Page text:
Suncor Energy (NYSE:SU), Canada's leading vertically integrated oil and gas producer, has launched an auction to sell Petro-Canada's lubricants division for as much as $800 million, Reuters said citing unnamed sources. Suncor Energy bought Petro-Canada seven years ago in a transaction which valued the latter at roughly $15 billion. Back then, Petro-Canada was also a major oil sands producer with refining, lubricants and retail operations. Today, Petro-Canada is Suncor's division which operates more than 1,500 retail and wholesale gas stations and a lubricants business.
So far, Suncor has neither confirmed nor denied the report, but I wouldn't be surprised if the company were actually working, reportedly with Bank of America (NYSE:BAC), to sell the lubricants unit. That's because the business has never been a core part of Suncor's oil sands production and refining operations. The lubricants business owns a portfolio of more than 350 fluids, ranging from automotive oils to food grade lubricants. In fact, it is the global leader in white mineral oil production which serves a number of industries, including pharmaceuticals, health and beauty, plastics, textiles and animal feed.
Besides, the divestiture will also be in line with Suncor's broader portfolio management program under which it has been opportunistically selling non-oil producing assets while increasing its focus on core, oil producing properties. As part of this program, the company has offloaded around C$4.5 billion of assets over the last seven years and has been eying additional divestitures. During the first quarter conference call held earlier in April, Suncor said that it earmarked a number of potential assets which, it believes, it can sell at a premium valuation and raise between C$1 billion to C$1.5 billion in the process over the next 12 to 15 months. Petro-Canada's lubricants business could be one of those assets.
Suncor reportedly intends to use the proceeds from the sale of Petro-Canada's unit to reduce its debt. That's also believable since Suncor has recently taken steps to cut down its debt, which stood at over C$18 billion at the end of the first quarter. A few days ago, Suncor revealed its offer to buy back any or all of its own 7.75% senior notes due 2019, 7.9% senior notes due 2021, 4.5% senior notes due 2022, 8.2% senior notes due 2027 and 6% senior notes due 2042 for $1.5 billion cash from bondholders. This offer was made just a week after Suncor announced its plans to sell 71.5 million shares to raise C$2.5 billion in order to pay for a recent acquisition as well as for debt reduction. The senior notes and equity offers are projected to close on Wednesday.
Suncor's asset sale ambitions, coupled with the recent the recent debt and equity offerings, shows that the oil and gas producer is getting serious about improving its financial health, which is a positive sign.
Like other oil producers, Suncor's cash flows have taken a beating in the downturn. In the first quarter of 2016, for instance, the company's cash flows dropped by almost 54% to just C$682 million. But unlike most of its peers, Suncor had little capital flexibility. The company had to keep its spending levels elevated since it was working on some of its major projects - such as Fort Hills mine and Hebron JV - which are nearing completion. I believe the company will likely report a large cash flow deficit this year. In addition to this, the Canadian wildfires, which knocked off more than a million barrels a day of the country's total oil production, have made things worse for Suncor. The company has been hit hardest by the massive inferno which has reportedly cost it C$1 billion.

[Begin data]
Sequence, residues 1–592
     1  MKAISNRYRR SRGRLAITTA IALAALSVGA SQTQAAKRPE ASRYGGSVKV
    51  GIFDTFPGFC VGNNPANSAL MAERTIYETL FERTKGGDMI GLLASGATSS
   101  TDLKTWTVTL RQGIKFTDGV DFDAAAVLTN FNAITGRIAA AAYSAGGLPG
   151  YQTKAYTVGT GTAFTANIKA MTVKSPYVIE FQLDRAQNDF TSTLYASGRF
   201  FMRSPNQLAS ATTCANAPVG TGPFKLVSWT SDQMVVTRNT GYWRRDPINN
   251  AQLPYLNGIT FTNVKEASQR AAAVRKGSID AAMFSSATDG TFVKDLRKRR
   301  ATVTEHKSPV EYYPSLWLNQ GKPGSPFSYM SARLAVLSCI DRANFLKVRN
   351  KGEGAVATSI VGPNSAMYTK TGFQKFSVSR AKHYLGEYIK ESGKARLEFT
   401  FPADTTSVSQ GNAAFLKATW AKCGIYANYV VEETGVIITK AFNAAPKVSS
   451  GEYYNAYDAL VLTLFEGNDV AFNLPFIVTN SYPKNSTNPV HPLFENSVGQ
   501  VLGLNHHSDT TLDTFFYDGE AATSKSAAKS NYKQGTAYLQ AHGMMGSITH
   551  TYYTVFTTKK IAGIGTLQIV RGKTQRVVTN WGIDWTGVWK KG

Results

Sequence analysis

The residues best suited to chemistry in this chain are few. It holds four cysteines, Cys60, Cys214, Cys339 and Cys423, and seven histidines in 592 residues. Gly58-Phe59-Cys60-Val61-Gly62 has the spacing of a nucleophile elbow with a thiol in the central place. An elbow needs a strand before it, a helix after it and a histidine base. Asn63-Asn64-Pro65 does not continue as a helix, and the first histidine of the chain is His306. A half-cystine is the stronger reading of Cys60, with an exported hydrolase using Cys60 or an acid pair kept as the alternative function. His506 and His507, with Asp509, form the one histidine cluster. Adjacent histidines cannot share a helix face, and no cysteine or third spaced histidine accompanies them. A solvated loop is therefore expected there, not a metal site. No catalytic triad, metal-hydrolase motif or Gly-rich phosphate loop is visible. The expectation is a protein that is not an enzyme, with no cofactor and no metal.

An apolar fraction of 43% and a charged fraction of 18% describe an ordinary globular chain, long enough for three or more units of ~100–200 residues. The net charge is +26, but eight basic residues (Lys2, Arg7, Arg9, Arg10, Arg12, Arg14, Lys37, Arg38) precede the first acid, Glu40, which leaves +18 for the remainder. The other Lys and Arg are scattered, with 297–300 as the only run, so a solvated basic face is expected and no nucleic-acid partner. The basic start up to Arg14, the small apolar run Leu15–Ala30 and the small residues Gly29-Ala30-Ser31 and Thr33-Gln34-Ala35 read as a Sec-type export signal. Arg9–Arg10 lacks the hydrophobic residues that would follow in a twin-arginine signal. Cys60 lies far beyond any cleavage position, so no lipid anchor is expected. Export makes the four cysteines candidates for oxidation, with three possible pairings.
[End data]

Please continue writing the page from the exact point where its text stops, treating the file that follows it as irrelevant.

Moreover, Suncor has been expanding its footprint in the Canadian oil sands market. In September, it purchased Total (NYSE:TOT)'s 10% stake in Fort Hills for C$310 million, increasing its position in the oil sands mining project to a majority interest. It then moved to increase its stake in Syncrude, Canada's largest synthetic oil project, from 12% to ~54% by spending more than C$7.5 billion in two separate deals.
The cash flow shortfall and major acquisitions will likely hit Suncor's financial health this year. Its total debt, which was up 25% in the first quarter of 2016 from the corresponding period last year, was on track to increase further in the months ahead. But with the planned asset sales, equity and debt offerings, it looks like the company's management is taking steps to shore up its balance sheets and make sure that it doesn't end up losing its investment grade credit rating.
This also shows that Suncor is positioning to emerge even stronger from the downturn, with its financial health intact and significantly greater asset base that represents 30% of Canada's total oil sands production capacity. Moreover, as it finishes work on its major projects, its capital expenditure should fall considerably while the additional production from new projects will lift its cash flows. This will likely push the company to free cash flows in the coming years.
Therefore, I continue to believe that those investors who stick with Suncor through these difficult times will be rewarded immensely in the long run.
Disclosure: I/we have no positions in any stocks mentioned, and no plans to initiate any positions within the next 72 hours.
I wrote this article myself, and it expresses my own opinions. I am not receiving compensation for it (other than from Seeking Alpha). I have no business relationship with any company whose stock is mentioned in this article.